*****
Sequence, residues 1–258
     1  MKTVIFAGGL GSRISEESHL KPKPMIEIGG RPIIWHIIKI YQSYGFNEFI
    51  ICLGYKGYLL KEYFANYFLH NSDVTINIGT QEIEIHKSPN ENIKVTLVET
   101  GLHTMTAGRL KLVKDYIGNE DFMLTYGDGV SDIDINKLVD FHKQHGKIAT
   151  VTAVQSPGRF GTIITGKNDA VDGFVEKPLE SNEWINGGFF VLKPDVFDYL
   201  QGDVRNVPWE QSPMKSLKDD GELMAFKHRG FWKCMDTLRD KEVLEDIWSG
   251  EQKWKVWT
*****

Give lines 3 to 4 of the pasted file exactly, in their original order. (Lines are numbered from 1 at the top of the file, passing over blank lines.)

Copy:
    51  ICLGYKGYLL KEYFANYFLH NSDVTINIGT QEIEIHKSPN ENIKVTLVET
   101  GLHTMTAGRL KLVKDYIGNE DFMLTYGDGV SDIDINKLVD FHKQHGKIAT